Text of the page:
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Cowboy Countdown (1891-2011)

Celebrating a history of excellence, pride, and tradition
By Dave Shelles

Volume 13, Number 1 | Fall 2011

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Cowboy Countdown 1891 — The Cowboys
The Cowboy nickname was applied to Wyoming athletic teams as early as 1891—two years before the first official football game. According to legend, the university's pickup football team was locked in a fierce rivalry with the Cheyenne Soldiers. So they convinced a 200-pound cowpuncher, Fred Bush, to sign up for a college course or two and come out for the team. Bush reported for practice decked out in a checkered shirt and wide-brimmed hat. Amused onlookers gave the "cowboy" a friendly heckling, and since many of the players were also ex-cowboys, the name stuck.

1895 — Brown and Gold
The origin of the Cowboy colors dates back to the first UW Alumni Banquet in the spring of 1895. Decorations included brown-eyed susans, a flower native to southeastern Wyoming. The alumni were so impressed with the beauty of the blooms that they selected brown and yellow as the school's official colors. In recent years, yellow has been renamed first "Prairie Gold," then "Gameday Gold."

1912 — Ragtime Cowboy Joe
The Wyoming fight song was originally written in 1912 by Grant Clarke, Lewis F. Muir, and Maurice Abrahams. Abrahams conceived the song after his young nephew, Joe, paid him a visit in full cowboy regalia. Muir, a Tin Pan Alley composer of some renown, put the finishing touches on the melody, and Clarke contributed the words. "Ragtime Cowboy Joe" was a No. 1 hit for Bob Roberts in 1913 and later covered by Eddy Howard, Jimmy Durante, and the Chipmunks.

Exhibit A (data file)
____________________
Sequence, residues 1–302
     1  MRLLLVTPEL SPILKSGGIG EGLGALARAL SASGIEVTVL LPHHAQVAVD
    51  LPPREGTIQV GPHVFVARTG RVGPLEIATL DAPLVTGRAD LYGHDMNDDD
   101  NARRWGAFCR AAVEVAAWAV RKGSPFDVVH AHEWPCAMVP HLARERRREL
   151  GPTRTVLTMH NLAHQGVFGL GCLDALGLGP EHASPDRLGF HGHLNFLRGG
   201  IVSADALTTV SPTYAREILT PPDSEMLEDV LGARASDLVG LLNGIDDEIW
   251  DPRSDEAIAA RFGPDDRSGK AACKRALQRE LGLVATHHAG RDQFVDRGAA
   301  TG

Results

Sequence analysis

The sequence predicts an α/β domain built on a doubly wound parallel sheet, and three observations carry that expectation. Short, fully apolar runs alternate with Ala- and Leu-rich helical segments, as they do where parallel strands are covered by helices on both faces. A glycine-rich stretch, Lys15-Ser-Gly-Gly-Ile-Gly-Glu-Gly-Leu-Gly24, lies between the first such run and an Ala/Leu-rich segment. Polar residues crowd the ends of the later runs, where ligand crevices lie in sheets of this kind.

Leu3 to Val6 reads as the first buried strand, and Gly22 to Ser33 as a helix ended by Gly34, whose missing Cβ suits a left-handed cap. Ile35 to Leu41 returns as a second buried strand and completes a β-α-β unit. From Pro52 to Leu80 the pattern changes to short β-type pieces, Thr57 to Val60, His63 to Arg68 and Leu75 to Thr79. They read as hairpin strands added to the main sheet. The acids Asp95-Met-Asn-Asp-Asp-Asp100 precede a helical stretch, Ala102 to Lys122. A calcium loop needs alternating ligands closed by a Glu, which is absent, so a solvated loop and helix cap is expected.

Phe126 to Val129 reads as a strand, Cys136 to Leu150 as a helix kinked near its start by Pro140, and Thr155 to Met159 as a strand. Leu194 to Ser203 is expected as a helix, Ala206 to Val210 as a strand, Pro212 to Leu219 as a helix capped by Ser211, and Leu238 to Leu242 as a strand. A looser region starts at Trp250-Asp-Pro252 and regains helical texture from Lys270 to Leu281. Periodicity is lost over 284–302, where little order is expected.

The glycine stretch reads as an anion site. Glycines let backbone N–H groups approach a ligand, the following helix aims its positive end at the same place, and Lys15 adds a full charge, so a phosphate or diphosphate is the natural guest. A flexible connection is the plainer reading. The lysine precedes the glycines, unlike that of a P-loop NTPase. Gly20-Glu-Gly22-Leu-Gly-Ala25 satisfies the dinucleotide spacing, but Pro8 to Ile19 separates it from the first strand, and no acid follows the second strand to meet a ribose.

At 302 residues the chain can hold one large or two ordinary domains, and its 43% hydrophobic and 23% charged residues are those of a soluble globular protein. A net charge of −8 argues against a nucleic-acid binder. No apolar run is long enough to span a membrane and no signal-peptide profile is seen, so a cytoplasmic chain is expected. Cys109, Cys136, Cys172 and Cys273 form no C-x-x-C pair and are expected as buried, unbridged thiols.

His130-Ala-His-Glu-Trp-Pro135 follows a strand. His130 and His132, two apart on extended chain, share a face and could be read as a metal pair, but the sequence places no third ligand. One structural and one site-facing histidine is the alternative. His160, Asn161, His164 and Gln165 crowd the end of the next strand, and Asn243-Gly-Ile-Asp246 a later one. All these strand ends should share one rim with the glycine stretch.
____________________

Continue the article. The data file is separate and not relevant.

1922 — Homecoming
Wyoming's football team was scheduled to play its first homecoming game at Cowboy Field on October 14, 1922. There was just one small problem—the tiny athletic grounds had no seating for fans. Fortunately, Samuel H. "Doc" Knight, head of the university's geology department, rallied students and alumni to construct a set of bleachers. They finished the work just a few hours before the Cowboys took the field.

1920s — Steamboat
The bucking horse and rider have been a symbol of Cowboy athletics since the 1920s. To create the logo, UW equipment manager Deane Hunton traced a 1903 photograph of bronc buster Guy Holt astride the bucking horse Steamboat at the Albany County Fairgrounds. Steamboat, so named due to his high-pitched wheeze, is still regarded on the rodeo circuit as one of the greatest bucking horses of all time.

1950 — War Memorial Stadium
UW's current football venue was dedicated September 23, 1950, with a 7-0 win over nationally ranked Baylor University. Standing at an elevation of 7,220 feet, it's the highest Division I football stadium in the United States. (The Air Force Academy's Falcon Stadium in Colorado Springs is a distant second at 6,620 feet.)

1950 — Pony Cowboy Joe
Also in 1950, the Farthing family of Cheyenne donated a young pony to become UW's mascot. Today his successor, Cowboy Joe IV, trots around the field after UW touchdowns and represents the university at parades and events around the state.

2005 — Jonah Field
In 2005, the natural grass at War Memorial Stadium was replaced with state-of-the-art artificial turf, thanks to generous donations by John and Mari Ann Martin and Mick and Susie McMurry. The field was renamed in honor of a natural gas mine in Sublette County whose profits provided $5 million for the improvement of UW athletic facilities.

2009 — The Cowboy Walk
Before each Cowboys home game, the Western Thunder Marching Band leads the football team from the Hilton Garden Inn to the team locker room at the Rochelle Athletic Center through a gauntlet of cheering, high-fiving fans. The Cowboy Walk tradition was started in 2009 by head football coach Dave Christensen.

2011 — UW's 89th Homecoming
At noon on October 15, the Cowboys will kick off the homecoming game against University of Nevada, Las Vegas. Show your Poke Pride at the pre-game pep rally on October 14, 7:30 p.m., at the Arena-Auditorium.

 

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